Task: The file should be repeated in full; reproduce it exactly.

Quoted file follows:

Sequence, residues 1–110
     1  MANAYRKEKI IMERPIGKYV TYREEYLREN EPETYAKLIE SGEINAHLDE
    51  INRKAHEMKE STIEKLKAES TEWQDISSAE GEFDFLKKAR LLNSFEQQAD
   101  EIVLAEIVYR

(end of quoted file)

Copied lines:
Sequence, residues 1–110
     1  MANAYRKEKI IMERPIGKYV TYREEYLREN EPETYAKLIE SGEINAHLDE
    51  INRKAHEMKE STIEKLKAES TEWQDISSAE GEFDFLKKAR LLNSFEQQAD
   101  EIVLAEIVYR